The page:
The School of Engineering and Applied Science offers an annual, free and open to the public event that provides an opportunity for visitors to meet faculty and staff, interact with current students, take tours of state-of-the-art facilities, and attend interesting exhibits, presentations and demonstrations. Bring friends, family members and others who have always wanted to know the answer to the question: “What do Engineers do?” Presentations will include "Sights and Sounds of Spaceflight," by former astronaut, Kathy Thornton, a presentation by Dean Aylor and a discussion of admissions and curriculum by representatives from the U.Va. Admissions Office and the Office of Undergraduate Programs in the Engineering School. The day also includes exhibits in each department and walking tours of the Engineering School Complex, Rice Hall and the 3-D Lab, led by faculty and students as well as activities planned by the Center for Diversity in Engineering.
If you are thinking about engineering as a career or want your students to gain a more comprehensive idea of the opportunities available to engineers, join us on March 22. The SEAS Open House is of particular interest to prospective students and school groups of all grade levels.
There is no preregistration required for this event. Schedules and maps will be distributed from the registration table in the lobby of Thornton Hall on the day of the event and will be available on this site the week before the event.
Open House 2014
School of Engineering and Applied Science
University of Virginia
Thornton Hall, McCormick Road
P.O. Box 400743
Charlottesville, VA 22904-4743
email@example.com ( best way to contact! )
|Introduction to Systems and Information Engineering at the University of Virginia||Various||Olsson 120||9:30 a.m. - 9:50 a.m.|
|Engineering Overview||Dean James Aylor||Rice 130||10:00 a.m. - 11:00 a.m.|
|Civil and Environmental Engineering at U.Va.||Prof. Brian Smith||THN D221||10:00 a.m. - 11:00 a.m.|
|Accelerated Master’s Program in Systems Engineering for Working Professionals||Prof. Michael Smith, AMP Executive Director||Olsson 120||10:00 a.m. - 10:15 a.m.|
|From Dance to Robots: Style-Based Abstractions for Human-Inspired Autonomous Systems||Prof. Amy LaViers||Olsson 008||10:15 a.m. - 11:45 a.m.|
|Admission to SEAS||Dean Edward Berger||MEC 205||11:00 a.m. - 12:00 p.m.|
|Why Might You Want to Major in Computer Science?||Profs. Jim Cohoon, Tom Horton, Mark Sherriff||Rice 130||11:00 a.m. - 12:00 p.m.|
|Accelerated Master’s Program in Systems Engineering for Working Professionals||Prof. Michael Smith, AMP Executive Director||Olsson 120||11:45 a.m. - 12:00 p.m.|
|Admission to SEAS||Dean Edward Berger||MEC 205||12:00 p.m. - 1:00 p.m.|
|Why Might You Want to Major in Computer Science?||Profs. Jim Cohoon, Tom Horton, Mark Sherriff||Rice 130||12:00 p.m. - 1:00 p.m.|
|Introduction to Systems and Information Engineering at the University of Virginia||Various||Olsson 120||12:30 p.m. - 12:50 p.m.|
|Sights and Sounds of Space||Prof. and Former Astronaut Kathy Thornton||MEC 205||1:00 p.m. - 2:00 p.m.|
|Civil and Environmental Engineering at U.Va.||Prof. Brian Smith||THN D221||1:00 p.m. - 2:00 p.m.|
|Accelerated Master’s Program in Systems Engineering for Working Professionals||Prof. Michael Smith, AMP Executive Director||Olsson 120||1:00 p.m. - 1:15 p.m.|
|Introduction to Systems and Information Engineering at the University of Virginia||Various||Olsson 120||1:30 p.m. - 1:50 p.m.|
|Accelerated Master’s Program in Systems Engineering for Working Professionals||Prof. Michael Smith, AMP Executive Director||Olsson 120||2:30 p.m. - 2:45 p.m.|
Biomedical Engineering is the rational application of engineering principles to biology and medicine. Those practicing in this inherently multi-disciplinary field strive to better human health through research, design and technology development. Current areas of research interest in Biomedical Engineering include improving and discovering new ultrasound and MRI methods for imaging selected tissues and organs within the body, developing new drug delivery technologies for treating cardiovascular disease, correcting bone defects by growing stem-cell based tissue replacements, studying how cells and tissues sense and respond to their physical surroundings, and using computational models to better understand complex intracellular signaling systems and the formation of new blood vessels in both normal and pathological conditions.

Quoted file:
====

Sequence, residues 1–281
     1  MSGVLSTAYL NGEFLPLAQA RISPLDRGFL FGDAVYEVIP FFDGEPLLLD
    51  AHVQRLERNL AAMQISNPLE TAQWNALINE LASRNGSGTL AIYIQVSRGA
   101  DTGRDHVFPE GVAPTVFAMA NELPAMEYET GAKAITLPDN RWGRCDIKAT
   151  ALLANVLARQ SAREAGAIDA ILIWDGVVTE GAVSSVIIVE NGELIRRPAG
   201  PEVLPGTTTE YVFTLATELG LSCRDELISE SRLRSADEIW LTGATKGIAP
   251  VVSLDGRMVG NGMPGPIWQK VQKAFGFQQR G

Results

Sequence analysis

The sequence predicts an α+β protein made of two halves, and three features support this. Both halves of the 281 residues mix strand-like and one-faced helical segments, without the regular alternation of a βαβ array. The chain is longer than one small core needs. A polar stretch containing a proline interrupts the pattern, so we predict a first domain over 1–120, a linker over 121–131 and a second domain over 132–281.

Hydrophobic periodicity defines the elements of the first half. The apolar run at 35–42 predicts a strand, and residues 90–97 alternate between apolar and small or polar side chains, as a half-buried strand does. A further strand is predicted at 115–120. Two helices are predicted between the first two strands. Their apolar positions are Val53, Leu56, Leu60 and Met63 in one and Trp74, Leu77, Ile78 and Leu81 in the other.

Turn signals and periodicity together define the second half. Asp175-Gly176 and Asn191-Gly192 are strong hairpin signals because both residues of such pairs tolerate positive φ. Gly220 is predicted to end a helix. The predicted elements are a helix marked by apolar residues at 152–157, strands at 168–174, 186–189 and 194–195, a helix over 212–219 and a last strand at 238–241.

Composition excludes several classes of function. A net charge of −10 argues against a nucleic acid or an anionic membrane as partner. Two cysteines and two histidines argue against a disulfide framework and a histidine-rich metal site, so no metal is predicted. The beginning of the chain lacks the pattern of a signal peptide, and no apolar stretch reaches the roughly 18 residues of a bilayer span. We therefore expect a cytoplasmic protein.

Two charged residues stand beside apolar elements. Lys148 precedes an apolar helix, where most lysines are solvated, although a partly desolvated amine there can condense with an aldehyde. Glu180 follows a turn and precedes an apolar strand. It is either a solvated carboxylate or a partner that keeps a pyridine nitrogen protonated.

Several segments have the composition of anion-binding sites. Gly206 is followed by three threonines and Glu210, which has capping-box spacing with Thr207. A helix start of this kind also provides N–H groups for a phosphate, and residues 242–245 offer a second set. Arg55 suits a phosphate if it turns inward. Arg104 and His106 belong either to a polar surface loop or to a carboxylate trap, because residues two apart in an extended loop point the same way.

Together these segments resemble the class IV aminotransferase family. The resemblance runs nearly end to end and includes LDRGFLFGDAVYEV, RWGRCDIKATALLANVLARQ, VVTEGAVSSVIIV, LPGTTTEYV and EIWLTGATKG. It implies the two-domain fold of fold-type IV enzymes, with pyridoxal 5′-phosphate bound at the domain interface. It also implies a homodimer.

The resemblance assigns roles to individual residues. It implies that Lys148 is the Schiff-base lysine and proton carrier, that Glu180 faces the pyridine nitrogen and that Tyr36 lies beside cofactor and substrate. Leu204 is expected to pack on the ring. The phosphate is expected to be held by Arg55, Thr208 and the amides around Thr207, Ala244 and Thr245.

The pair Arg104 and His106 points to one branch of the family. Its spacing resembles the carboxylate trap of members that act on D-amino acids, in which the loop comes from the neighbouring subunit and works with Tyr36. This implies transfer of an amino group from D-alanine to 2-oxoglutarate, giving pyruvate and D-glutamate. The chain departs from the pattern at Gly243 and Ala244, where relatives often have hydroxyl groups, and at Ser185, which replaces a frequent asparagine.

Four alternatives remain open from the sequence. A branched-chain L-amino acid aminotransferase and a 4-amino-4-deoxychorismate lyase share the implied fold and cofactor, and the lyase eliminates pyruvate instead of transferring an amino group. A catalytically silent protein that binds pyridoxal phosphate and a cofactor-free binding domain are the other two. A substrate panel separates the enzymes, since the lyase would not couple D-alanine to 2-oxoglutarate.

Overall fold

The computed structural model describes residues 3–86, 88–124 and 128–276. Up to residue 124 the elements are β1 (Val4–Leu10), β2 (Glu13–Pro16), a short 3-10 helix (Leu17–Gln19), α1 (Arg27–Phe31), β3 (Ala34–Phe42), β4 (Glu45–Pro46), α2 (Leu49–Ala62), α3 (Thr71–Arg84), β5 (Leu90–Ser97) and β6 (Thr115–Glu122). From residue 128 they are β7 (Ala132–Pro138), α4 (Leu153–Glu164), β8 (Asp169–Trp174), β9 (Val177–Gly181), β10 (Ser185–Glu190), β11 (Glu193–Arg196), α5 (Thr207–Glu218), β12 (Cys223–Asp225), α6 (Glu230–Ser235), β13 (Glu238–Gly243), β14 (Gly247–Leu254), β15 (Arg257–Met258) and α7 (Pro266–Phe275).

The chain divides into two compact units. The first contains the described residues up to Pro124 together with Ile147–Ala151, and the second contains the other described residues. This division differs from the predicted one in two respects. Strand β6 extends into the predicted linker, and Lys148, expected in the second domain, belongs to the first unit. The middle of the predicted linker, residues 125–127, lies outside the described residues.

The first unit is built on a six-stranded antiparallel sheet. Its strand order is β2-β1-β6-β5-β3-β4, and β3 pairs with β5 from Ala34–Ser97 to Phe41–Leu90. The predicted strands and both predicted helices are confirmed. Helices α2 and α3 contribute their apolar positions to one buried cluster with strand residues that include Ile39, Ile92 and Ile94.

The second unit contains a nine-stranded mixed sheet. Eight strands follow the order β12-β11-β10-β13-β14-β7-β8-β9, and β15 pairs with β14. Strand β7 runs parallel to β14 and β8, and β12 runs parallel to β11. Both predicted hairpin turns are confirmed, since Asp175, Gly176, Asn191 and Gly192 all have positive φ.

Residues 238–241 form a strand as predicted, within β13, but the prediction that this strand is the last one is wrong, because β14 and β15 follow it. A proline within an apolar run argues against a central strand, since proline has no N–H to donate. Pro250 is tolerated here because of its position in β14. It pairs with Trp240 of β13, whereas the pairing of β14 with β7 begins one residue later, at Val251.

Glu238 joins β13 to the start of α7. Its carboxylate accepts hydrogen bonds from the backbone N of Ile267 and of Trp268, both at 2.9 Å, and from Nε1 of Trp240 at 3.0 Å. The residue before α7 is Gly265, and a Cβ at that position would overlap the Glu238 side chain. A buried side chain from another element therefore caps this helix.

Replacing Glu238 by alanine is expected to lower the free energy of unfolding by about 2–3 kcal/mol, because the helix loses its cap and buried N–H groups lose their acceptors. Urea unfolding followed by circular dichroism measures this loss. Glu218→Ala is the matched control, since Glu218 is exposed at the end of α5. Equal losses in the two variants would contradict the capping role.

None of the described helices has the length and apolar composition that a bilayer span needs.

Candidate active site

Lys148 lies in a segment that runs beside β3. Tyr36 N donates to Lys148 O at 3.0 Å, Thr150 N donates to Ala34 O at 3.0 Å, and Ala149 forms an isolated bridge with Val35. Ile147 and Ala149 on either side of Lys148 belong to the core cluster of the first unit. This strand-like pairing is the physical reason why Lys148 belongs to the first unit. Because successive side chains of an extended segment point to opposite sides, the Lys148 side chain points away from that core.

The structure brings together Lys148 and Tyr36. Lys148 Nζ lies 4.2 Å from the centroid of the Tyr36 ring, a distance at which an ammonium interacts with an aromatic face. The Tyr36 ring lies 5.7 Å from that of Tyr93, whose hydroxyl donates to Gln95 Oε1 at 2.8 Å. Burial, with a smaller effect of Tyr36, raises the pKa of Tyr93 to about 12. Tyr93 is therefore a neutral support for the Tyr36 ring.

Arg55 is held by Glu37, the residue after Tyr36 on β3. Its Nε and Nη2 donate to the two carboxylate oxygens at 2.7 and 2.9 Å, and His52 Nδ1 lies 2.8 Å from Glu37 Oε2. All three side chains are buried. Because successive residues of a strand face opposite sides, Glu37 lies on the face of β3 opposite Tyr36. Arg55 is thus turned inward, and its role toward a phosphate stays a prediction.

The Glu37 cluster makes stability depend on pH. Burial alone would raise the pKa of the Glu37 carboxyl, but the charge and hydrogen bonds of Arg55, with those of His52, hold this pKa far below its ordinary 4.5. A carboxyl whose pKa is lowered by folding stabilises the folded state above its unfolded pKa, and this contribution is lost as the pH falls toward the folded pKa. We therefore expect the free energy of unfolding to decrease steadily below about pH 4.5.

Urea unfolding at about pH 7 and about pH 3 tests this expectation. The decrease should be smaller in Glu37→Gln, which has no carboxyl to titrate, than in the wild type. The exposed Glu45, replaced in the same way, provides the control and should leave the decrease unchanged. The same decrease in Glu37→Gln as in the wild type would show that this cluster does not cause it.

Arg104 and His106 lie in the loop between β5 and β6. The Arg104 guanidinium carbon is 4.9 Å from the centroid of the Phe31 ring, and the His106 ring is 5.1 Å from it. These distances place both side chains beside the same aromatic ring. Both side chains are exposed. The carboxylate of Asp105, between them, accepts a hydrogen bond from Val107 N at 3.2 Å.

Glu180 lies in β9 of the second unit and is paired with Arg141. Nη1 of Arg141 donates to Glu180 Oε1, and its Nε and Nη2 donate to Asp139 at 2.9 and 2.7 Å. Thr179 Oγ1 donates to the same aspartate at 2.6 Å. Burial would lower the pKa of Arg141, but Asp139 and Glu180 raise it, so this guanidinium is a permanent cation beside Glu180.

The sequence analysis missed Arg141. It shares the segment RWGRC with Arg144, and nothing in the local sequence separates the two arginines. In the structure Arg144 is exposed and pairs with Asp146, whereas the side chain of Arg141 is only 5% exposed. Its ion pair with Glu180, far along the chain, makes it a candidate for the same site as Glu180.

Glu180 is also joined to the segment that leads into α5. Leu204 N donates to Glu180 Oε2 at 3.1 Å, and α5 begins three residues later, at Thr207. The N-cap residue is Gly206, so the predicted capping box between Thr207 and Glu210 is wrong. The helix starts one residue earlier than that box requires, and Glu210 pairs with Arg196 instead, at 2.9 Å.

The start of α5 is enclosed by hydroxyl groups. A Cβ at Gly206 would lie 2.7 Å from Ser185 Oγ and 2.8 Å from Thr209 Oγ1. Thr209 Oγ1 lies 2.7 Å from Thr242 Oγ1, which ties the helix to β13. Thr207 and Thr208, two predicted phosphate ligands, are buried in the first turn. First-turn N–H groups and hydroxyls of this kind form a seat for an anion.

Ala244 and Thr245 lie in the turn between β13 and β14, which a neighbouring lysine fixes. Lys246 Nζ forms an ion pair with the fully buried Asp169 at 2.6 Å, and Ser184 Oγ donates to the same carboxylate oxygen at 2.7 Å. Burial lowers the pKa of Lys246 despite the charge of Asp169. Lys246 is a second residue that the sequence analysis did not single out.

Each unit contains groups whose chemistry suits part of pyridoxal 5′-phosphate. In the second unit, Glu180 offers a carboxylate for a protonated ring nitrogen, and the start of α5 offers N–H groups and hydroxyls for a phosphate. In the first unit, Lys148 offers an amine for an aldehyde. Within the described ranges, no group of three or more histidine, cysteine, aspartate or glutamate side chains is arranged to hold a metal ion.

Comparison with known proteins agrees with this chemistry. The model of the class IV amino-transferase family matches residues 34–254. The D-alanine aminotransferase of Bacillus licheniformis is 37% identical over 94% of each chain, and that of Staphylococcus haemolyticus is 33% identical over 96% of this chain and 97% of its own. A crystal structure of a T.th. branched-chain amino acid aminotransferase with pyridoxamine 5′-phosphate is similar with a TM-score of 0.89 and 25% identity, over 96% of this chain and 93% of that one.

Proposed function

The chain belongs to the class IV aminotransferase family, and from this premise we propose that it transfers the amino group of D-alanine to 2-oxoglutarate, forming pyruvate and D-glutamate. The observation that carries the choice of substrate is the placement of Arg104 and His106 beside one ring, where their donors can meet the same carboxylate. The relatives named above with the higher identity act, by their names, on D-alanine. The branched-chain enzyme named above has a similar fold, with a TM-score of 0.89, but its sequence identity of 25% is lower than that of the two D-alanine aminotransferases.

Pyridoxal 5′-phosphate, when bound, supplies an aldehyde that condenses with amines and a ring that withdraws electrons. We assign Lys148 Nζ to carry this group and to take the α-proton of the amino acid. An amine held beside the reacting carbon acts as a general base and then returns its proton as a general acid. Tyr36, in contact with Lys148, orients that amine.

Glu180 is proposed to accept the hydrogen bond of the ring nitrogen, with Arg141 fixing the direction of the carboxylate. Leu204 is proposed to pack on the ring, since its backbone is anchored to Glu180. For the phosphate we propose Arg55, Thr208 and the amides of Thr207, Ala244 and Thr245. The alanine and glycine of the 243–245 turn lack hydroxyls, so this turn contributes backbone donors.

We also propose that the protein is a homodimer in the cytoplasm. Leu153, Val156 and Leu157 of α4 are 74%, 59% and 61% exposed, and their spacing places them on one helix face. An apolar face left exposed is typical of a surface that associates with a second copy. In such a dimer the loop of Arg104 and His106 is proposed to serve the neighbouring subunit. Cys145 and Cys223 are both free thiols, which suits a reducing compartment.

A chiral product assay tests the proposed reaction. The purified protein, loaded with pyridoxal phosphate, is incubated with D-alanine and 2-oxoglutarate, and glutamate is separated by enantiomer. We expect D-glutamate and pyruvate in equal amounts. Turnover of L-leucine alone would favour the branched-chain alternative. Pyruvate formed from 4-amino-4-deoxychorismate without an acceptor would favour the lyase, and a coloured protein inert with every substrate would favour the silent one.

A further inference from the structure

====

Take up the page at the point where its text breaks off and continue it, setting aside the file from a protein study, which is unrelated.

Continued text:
Chemical engineers combine chemistry, biology, and other natural sciences with engineering to efficiently and safely create products for our modern world. They help give us fuels, food, synthetic materials, medicines, biotechnology products, electronic materials, paper, and many other consumer products. They also have important roles in cleaning up the environment and in pollution prevention.
Civil and Environmental Engineering
Civil engineers build the physical foundation of society, protect the environment and develop the infrastructure of our communities. Their work spans the planning, design, construction and maintenance of projects including dams, bridges, transportation systems, materials, water resources, aerospace structure, ships, tanks, towers, hydraulic systems, and hazardous waste management programs. They work as environmental, geotechnical, hydraulic, structural or transportation engineers in design, construction or research areas. An important part of civil engineering is applied mechanics, which focuses on the fundamentals essential in many areas of engineering, including mechanical and thermal modeling and behavior of solids and fluids in a variety of configurations.
|Connected Vehicles - Harnessing Information and Communication Technology for Improved Travel||Prof. Brian Park and students||THN D112||9:00 a.m. - 3:00 p.m.|
|Flow and transport beneath the ground - visualizing groundwater hydrology||Prof. Andres Clarens and students||THN B123||9:00 a.m. - 3:00 p.m.|
|PureMadi - Sustainable water purification for the developing world||Prof. James Smith and students||THN D222||9:00 a.m. - 3:00 p.m.|
|Computer-Aided Materials by Design: Micromechanics at Its Finest||Prof. Marek Pindera and students||THN D222||9:00 a.m. - 3:00 p.m.|